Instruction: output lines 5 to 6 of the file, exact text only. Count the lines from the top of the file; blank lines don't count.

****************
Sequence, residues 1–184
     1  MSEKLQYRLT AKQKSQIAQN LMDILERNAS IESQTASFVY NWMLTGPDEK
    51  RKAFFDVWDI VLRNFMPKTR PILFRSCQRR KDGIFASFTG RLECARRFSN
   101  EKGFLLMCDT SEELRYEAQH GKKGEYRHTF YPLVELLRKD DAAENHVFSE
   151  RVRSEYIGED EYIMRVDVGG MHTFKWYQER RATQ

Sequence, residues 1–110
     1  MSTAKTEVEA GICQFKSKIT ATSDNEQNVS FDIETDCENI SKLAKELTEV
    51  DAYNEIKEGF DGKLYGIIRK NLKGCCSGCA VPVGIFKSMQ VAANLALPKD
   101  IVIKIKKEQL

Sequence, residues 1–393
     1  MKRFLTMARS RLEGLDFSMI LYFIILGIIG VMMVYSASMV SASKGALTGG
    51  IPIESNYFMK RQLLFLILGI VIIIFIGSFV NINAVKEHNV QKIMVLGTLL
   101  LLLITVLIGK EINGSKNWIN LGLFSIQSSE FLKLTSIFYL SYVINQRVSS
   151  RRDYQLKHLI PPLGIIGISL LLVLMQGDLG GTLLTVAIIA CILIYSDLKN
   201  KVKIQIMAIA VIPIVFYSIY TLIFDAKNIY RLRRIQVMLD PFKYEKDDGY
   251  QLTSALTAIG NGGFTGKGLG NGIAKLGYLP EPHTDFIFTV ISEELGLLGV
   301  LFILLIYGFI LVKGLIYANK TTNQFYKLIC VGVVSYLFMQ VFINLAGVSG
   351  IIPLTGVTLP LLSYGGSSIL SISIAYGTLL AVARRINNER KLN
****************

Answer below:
   151  RVRSEYIGED EYIMRVDVGG MHTFKWYQER RATQ

Sequence, residues 1–110